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OM in the News: Why the Richest Nation Can’t Get You a Face Mask

April 4, 2020

The U.S. is scrambling for surgical masks

Over the course of the past 50 years, the U.S has organized its economy following the theory of comparative advantage (see Ch. 2 in your Heizer/Render/Munson OM text). That means outsourcing to whatever external organization can provide the good or service at the best price. For much of this half century, the most cost-efficient strategy has been outsourcing to Asia. But outsourcing the wrong activities can be a disaster, as we now see in the coronavirus epidemic.

Critical supplies like medical equipment, pharmaceuticals, and food have been outsourced to China. “Most Americans know their iPhone comes from China but they do not know that more than 80% of all of their antibiotics, vitamin C and tilapia, 50% of their cod and apple juice, and 34% of their mushrooms come from China as well,” says one OM professor .

So I guess we shouldn’t be surprised by The Wall Street Journal headline  (April 2, 2020): “Why the Richest Country on Earth Can’t Get You a Face Mask.”  Indeed, Americans are asking why the most technologically advanced nation in the world can’t provide its citizens and health-care workers with lifesaving medical equipment.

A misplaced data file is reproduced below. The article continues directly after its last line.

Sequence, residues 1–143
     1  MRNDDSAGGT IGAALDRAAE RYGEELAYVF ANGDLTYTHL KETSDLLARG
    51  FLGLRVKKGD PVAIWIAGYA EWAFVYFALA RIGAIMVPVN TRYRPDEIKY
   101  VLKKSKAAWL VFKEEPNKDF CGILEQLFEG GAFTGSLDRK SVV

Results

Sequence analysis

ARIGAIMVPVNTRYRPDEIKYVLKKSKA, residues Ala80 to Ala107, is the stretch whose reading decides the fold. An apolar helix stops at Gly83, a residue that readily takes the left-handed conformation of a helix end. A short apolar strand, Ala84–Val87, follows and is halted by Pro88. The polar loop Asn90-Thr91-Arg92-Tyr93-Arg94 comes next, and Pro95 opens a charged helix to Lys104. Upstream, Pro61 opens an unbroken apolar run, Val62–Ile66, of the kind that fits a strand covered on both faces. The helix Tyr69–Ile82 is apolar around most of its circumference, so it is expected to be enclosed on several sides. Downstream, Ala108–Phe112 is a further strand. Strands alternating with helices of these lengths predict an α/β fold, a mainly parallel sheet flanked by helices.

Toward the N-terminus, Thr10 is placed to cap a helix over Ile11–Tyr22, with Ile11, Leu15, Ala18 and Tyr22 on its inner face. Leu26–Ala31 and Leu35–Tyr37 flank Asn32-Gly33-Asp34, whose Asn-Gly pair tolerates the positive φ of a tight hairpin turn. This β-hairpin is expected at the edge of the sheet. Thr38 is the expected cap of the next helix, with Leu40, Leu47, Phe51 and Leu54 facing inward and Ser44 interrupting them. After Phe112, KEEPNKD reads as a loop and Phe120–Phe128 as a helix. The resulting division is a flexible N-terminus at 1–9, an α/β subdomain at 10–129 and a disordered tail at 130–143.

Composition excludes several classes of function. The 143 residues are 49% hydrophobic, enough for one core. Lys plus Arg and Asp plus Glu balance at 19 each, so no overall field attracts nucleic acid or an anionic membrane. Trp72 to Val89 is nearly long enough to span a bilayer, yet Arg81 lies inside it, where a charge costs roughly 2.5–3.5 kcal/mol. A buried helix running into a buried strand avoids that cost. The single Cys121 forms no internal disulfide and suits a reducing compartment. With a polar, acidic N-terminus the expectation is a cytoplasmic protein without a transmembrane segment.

Years of underinvestment in pandemic planning is a big part of the answer. But as in the pharmaceutical sector—highly dependent on Chinese and Indian producers—a reliance on global supply chains is also making life difficult for Western hospitals struggling to source gear. 85% of global medical mask-production capacity is in China. It is also a major producer of the polypropylene fibers that filter out dust and pathogens in the N95 respirators medical professionals rely on. The U.S. said in early March that it has only about 1% of the medical masks it would need to combat a year-long epidemic.

When the pandemic ends, one of the enduring changes it causes could be a major reassessment of complex global supply chains for critical medical goods.

Classroom discussion questions:

  1. What are the advantages of outsourcing?
  2.  Why can’t the U.S. produce the billion masks it needs this year?
One Comment leave one →
  1. Dr. Jagadeesh Rajashekharaiah permalink
    April 5, 2020 4:45 am

    How true!. Any nation is better equipped if it can take care of the supply of the essentials like food, medical items, and safety systems, being self reliant. The issue here is the price. Outsourcing is too tempting when someone offers the items at lower price than what it would cost to produce within the country. Typical “Make or Buy” decision of OM. But when it comes to testing times time like during a pandemic, the weaknesses get exposed.

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